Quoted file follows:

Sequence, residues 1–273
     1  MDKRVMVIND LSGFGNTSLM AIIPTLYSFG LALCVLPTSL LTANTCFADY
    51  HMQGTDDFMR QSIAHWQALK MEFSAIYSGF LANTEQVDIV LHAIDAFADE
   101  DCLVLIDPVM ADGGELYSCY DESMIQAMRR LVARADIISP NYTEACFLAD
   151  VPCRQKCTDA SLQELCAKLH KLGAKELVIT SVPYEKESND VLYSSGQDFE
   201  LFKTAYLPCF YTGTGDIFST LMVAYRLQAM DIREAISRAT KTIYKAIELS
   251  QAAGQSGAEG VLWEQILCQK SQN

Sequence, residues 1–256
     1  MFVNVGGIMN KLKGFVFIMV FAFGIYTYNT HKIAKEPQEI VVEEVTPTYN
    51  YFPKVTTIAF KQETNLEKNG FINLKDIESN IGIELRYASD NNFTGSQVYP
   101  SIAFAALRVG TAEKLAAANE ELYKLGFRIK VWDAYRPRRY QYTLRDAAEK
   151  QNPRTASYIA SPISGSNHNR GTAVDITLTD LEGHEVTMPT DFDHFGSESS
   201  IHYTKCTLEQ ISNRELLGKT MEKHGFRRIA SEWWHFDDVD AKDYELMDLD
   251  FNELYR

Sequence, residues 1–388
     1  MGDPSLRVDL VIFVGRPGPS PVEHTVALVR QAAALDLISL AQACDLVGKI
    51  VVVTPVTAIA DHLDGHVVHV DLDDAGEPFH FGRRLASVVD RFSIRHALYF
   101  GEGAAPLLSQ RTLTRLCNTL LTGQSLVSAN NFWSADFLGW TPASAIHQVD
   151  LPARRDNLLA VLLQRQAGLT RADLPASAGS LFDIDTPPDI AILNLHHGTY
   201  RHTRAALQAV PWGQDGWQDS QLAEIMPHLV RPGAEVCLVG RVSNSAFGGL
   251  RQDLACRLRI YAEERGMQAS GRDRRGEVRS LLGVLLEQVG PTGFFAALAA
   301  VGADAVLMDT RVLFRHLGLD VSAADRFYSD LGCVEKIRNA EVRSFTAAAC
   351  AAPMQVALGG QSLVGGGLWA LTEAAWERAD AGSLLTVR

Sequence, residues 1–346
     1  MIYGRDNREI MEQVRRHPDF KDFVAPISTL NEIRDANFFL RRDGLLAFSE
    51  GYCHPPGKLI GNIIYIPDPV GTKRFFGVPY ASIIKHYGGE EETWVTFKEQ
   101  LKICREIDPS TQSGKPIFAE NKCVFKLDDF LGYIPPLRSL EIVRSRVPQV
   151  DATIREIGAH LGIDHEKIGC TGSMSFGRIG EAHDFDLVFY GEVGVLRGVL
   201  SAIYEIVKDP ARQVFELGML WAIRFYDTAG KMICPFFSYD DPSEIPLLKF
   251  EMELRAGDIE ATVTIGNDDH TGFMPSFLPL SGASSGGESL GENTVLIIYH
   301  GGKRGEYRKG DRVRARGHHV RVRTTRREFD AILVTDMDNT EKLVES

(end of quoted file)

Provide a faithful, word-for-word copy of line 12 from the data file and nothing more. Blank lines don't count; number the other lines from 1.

   151  QNPRTASYIA SPISGSNHNR GTAVDITLTD LEGHEVTMPT DFDHFGSESS